Who built the nuraghes? Probably ancient humans using anti-gravity. Or dinosaurs.
The mystical Mediterranean island of Sardinia is covered with over 7000 megalithic rock sites that date back at least 3000 years. If the magical people who made these structures had electric guitars and distortion pedals, I bet this is the kind of slow and heavy music they would have played in those temples…
It’s a metal stereotype to be associated with pre-Christian paganism, but somehow it just feels right. Like a protest against the single-minded pursuit of forward progress, time dissolves in a musical trance. May the earth-shaking riffs wake the ancient wizards!
Hear Sardinian rock amidst many other local and global sounds as we visit the secret music scene of a singular giant isle:
Prepare to have your pants/shorts/socks scared right off. This right here is the spookiest/strangest/stickiest Hallowe’en playlist you will hear all year and well into the afterlife. Featuring appearances by some of Earth’s greatest monsters – including El Tunche, sabertoothed tigers, oodles of ghouls, spiders, drones, gangsters, Jamaican vampires and slime.
Thrilled to have American guitar superhero Steve Marion on the show as he cruises through Vancouver on tour, saving the world from uninspired guitar playing. Heck, he even gives online lessons via Guitar World. Check out the interview here:
From his new record This is Steve, the great Segway road trip of Tomorrow:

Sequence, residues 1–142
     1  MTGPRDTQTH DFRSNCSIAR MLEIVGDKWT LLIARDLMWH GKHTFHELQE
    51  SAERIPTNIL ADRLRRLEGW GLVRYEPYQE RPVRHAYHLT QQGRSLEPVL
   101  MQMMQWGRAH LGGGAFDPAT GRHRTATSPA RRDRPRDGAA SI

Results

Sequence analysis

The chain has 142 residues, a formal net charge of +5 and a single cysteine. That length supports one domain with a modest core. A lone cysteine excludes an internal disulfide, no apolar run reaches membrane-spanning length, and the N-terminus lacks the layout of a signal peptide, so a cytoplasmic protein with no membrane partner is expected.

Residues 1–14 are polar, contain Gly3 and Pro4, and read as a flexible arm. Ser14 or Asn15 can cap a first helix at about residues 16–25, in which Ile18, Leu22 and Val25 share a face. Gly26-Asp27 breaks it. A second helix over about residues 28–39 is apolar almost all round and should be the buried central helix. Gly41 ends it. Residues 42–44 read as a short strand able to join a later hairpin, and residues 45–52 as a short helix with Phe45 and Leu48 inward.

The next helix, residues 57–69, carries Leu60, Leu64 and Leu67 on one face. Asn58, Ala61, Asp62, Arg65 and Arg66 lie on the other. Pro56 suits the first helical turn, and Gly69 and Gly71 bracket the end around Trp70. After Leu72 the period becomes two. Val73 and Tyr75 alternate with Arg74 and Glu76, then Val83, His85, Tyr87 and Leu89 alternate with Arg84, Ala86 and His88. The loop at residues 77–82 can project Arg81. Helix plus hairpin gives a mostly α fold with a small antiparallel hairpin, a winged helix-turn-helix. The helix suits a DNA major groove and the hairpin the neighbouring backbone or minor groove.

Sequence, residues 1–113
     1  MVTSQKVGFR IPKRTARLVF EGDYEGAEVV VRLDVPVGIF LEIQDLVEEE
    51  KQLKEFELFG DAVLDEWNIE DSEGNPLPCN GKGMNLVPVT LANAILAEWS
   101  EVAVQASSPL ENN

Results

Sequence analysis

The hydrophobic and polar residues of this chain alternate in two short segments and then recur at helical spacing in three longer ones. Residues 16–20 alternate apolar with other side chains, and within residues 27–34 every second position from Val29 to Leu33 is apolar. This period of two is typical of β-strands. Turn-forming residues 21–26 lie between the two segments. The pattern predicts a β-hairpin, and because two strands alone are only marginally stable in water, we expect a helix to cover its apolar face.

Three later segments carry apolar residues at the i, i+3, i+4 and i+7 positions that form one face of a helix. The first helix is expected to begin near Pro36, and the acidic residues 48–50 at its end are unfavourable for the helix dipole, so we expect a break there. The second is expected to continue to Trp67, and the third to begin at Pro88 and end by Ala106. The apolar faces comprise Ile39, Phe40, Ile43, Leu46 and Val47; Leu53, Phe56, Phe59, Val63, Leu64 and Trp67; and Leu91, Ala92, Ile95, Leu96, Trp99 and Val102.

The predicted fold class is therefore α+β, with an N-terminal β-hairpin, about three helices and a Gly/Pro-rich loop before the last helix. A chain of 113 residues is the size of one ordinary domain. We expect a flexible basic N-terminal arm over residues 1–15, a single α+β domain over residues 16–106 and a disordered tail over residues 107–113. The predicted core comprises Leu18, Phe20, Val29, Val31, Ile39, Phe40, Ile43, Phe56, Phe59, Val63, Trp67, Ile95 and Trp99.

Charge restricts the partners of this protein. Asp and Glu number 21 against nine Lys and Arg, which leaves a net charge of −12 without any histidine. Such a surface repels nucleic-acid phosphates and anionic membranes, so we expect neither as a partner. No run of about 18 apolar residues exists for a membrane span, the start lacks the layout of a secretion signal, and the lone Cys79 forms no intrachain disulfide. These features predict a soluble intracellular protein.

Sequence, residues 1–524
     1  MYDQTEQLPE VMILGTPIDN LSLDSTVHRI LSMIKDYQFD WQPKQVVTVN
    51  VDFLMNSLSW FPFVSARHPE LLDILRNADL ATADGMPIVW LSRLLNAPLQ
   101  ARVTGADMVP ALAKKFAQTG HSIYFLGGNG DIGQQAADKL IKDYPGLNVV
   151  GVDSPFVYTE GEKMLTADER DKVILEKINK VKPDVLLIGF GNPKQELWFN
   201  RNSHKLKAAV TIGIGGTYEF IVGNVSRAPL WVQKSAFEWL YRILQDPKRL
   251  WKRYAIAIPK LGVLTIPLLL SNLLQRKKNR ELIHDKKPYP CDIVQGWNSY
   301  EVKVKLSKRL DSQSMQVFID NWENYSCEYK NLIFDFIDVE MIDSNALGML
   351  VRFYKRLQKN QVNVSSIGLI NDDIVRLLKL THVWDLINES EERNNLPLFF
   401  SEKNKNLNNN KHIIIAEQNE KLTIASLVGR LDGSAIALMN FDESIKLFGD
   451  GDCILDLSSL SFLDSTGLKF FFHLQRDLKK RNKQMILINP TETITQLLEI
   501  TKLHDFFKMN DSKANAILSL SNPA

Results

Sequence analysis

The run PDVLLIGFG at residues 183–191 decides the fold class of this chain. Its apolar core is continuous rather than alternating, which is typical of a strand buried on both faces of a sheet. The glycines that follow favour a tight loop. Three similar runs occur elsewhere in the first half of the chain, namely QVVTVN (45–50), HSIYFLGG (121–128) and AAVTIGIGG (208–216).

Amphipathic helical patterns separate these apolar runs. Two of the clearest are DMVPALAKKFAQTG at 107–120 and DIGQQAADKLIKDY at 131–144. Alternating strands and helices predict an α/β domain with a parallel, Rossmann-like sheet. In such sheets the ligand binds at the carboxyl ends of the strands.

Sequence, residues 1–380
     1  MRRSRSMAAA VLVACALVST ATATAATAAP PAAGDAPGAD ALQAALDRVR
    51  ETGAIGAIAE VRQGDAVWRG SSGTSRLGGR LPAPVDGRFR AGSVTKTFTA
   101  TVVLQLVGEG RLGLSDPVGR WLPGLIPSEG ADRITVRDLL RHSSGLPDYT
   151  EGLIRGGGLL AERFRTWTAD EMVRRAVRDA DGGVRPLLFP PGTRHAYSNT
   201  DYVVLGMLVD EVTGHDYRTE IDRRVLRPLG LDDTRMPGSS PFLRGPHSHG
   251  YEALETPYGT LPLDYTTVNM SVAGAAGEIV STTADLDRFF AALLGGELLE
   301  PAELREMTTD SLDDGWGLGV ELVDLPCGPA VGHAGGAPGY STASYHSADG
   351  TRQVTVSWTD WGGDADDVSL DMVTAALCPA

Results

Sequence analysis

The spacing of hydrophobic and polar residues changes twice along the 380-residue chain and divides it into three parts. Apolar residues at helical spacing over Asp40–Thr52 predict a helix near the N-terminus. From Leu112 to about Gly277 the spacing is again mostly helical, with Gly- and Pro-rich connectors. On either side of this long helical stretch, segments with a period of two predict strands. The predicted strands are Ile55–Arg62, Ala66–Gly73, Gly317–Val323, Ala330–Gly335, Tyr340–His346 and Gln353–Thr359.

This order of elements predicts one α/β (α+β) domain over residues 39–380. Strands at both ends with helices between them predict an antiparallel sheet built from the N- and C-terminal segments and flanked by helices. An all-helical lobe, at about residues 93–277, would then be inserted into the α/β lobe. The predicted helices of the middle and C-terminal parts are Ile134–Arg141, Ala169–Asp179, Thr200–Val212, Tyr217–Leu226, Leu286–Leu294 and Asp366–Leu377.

Inspired by Steve Marion’s guitar lyricism, the second hour of the program features a bevy of instrumental bands of many kinds – where the human voice is replaced with human hands.
In all styles, in all places, there are strong women who craft songs just as well as the fellas. In celebration of International Women’s Day 2016, we present a playlist of great female composers and performers – from the big band era to the present – who breached the status quo to share their art, and in the process have divined a more equal world:
Tashi Delek! Welcome to the last Shangri-La, the magical moutain kingdom of Bhutan. Yes, they still have a king – and he is on Facebook. Wedged in the Himalayas between the two most populous nations on Earth, the land of thunder dragons somehow manages to keep a very low profile and a well-preserved cultural identity. Miraculously, television wasn’t legalized in Bhutan until 1999, so they were essentially the last country to leave the real world and be hypnotized by the warm electric glow. Tragic, but inevitable.
Bhutan is so special because it represents the preservation of ancient Tibetan Buddhist culture, now that Tibet has been wiped out by China. Bhutan was united as a nation in the 17th century by runaway Tibetan lama Shabdrung Ngawang Namgyal, and has since evolved in isolation. Perched safely in cliff-side dzongs, the Bhutanese are one of the very few societies to have successfully resisted occupation from outside powers for their entire history.
Taktsang Palphug Monastery, with ample parking for up to 6 thunder dragons
Until the last few decades, only traditional (really just another word for ‘local’) music existed in Bhutan. All traditional music can be divided into Boedra (Tibetan style) or Zhungdra (developed in Bhutan). This stuff is sacred. And then there’s rock n roll..
Sure, it’s pretty positive stuff. So is everything on the young Thimphu-based record label M-Studio. But where will they be in another 20 years? Death metal thrash dub-step polka? For now, Bhutan teeters the line between ancient depth and innocent modernity. May they retain their uniqueness, and dragons; forever.